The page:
Magazine article Management Review

It Isn't Easy Being Green

Magazine article Management Review

It Isn't Easy Being Green

Article excerpt

The Fresh Kills landfill in New York City, when completed, will be the largest manmade object on earth. It will dwarf the ancient pyramids and contain more volume than the Great Wall of China. Meanwhile, this 21st century Wonder of the World exudes 2 million gallons of toxic leachate daily and the city recently agreed to pay $500 million to help clean it up.

Where else can New York City put the 800,000 tons of garbage it produces each month? We've already tried exporting and burial at sea; neither system wins friends or civic pride. The fact is, we have three choices:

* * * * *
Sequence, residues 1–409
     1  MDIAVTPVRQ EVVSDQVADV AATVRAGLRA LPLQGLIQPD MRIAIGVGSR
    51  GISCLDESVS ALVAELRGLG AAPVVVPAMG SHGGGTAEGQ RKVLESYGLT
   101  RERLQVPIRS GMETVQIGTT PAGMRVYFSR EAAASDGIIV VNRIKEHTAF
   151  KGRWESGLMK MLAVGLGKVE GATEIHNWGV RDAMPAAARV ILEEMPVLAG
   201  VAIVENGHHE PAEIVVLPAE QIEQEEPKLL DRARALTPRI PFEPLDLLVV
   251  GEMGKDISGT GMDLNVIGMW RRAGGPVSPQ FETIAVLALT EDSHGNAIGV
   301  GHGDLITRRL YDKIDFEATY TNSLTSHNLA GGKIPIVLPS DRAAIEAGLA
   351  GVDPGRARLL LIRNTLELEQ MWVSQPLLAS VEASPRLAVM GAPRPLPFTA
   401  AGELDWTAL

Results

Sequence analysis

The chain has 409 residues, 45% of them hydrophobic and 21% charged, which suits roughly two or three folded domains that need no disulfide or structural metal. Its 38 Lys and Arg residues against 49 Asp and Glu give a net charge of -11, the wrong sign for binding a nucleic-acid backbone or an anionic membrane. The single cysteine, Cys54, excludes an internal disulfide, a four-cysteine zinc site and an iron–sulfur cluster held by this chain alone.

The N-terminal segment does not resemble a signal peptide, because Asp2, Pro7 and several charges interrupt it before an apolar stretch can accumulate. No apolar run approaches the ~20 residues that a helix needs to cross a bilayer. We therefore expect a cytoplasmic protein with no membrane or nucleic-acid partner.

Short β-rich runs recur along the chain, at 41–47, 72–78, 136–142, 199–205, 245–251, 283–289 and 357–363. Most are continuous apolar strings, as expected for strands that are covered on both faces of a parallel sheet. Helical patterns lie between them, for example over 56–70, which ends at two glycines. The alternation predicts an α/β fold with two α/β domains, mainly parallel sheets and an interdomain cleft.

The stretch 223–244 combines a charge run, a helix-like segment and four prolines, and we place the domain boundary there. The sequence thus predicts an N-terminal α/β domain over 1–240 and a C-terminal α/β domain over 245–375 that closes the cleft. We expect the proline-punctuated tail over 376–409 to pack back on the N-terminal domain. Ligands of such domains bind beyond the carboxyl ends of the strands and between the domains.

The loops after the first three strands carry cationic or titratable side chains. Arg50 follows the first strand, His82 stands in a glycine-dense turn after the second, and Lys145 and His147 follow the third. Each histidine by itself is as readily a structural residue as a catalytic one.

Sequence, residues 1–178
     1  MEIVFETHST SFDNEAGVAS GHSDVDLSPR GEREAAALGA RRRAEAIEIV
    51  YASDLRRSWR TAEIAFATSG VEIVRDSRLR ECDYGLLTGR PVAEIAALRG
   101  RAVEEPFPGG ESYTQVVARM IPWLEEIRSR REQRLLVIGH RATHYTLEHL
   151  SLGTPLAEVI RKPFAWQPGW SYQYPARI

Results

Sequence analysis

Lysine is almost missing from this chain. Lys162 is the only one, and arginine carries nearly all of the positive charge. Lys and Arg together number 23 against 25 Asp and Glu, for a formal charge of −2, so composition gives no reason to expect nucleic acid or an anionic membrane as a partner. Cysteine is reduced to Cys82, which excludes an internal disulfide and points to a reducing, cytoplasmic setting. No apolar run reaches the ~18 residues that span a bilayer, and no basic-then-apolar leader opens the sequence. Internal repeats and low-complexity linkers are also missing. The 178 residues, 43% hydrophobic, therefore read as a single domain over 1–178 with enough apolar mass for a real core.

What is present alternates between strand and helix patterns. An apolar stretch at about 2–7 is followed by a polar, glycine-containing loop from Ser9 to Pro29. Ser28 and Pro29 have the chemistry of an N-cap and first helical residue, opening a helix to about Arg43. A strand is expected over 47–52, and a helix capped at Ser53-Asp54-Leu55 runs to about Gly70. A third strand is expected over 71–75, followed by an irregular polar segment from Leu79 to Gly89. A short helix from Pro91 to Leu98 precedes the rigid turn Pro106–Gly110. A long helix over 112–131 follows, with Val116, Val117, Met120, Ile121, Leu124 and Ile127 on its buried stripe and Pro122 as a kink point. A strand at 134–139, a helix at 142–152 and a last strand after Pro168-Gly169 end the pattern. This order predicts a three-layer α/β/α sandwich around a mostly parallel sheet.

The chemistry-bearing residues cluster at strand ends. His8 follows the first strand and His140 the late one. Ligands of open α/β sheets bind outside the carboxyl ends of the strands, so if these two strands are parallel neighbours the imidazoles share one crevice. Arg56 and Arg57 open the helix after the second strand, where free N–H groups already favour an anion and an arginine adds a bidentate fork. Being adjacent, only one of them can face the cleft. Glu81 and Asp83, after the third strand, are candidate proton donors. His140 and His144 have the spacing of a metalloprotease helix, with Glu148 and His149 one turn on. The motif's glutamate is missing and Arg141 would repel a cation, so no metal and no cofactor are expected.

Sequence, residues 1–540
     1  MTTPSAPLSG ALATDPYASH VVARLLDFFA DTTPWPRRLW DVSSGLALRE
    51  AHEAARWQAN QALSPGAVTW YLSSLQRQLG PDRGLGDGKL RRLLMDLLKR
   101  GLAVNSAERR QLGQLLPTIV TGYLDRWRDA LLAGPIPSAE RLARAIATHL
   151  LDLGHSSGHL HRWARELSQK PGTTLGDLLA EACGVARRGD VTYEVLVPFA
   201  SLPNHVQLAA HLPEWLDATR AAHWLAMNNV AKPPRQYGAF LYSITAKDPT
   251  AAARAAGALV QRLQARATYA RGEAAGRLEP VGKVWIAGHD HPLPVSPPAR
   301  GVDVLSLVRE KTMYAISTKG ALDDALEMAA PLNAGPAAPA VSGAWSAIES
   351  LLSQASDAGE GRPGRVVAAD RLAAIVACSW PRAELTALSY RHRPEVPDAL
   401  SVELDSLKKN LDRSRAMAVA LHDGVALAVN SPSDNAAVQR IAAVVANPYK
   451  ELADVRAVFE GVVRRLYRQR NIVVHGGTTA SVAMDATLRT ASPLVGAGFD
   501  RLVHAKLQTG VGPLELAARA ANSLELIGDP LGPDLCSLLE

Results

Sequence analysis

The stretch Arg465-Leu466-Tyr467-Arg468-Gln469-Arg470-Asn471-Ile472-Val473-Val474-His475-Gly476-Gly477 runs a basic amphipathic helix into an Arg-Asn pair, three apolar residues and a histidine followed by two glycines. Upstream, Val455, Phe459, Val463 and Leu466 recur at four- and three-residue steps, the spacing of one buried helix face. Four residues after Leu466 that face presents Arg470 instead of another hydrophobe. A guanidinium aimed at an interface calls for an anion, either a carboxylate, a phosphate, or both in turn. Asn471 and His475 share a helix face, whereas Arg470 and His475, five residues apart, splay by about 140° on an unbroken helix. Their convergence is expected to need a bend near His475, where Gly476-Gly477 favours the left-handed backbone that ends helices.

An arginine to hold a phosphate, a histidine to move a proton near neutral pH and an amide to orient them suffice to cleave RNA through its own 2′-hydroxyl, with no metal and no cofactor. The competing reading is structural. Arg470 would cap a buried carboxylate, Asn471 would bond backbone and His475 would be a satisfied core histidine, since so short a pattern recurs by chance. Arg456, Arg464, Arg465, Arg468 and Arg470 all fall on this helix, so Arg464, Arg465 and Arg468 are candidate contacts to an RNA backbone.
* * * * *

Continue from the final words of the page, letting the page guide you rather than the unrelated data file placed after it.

Landfill. It's the final resting place for 80 percent of our throwaways. Landfill should more correctly be termed a "storage" system, however; contrary to popular opinion, nothing biode-grades in a landfill. Newspapers have been unearthed in readable condition after 20 years' burial. Maybe that's why we're rapidly running out of room for more landfills.

Incineration. This does not really dispose of garbage either, but it does cut down on the mess. America bums 10 percent of its garbage, but there's a downside-otherwise benign materials, at high temperature, are chemically broken down into toxins.

Recycling. This has been called the most "natural" form of waste disposal. It is also accomplished at the greatest expense. We currently recycle 10 to 11 percent of our trash.

If you're a typical consumer, you think recycling is a worthy endeavor, but no real solution to America's environmental problems. …

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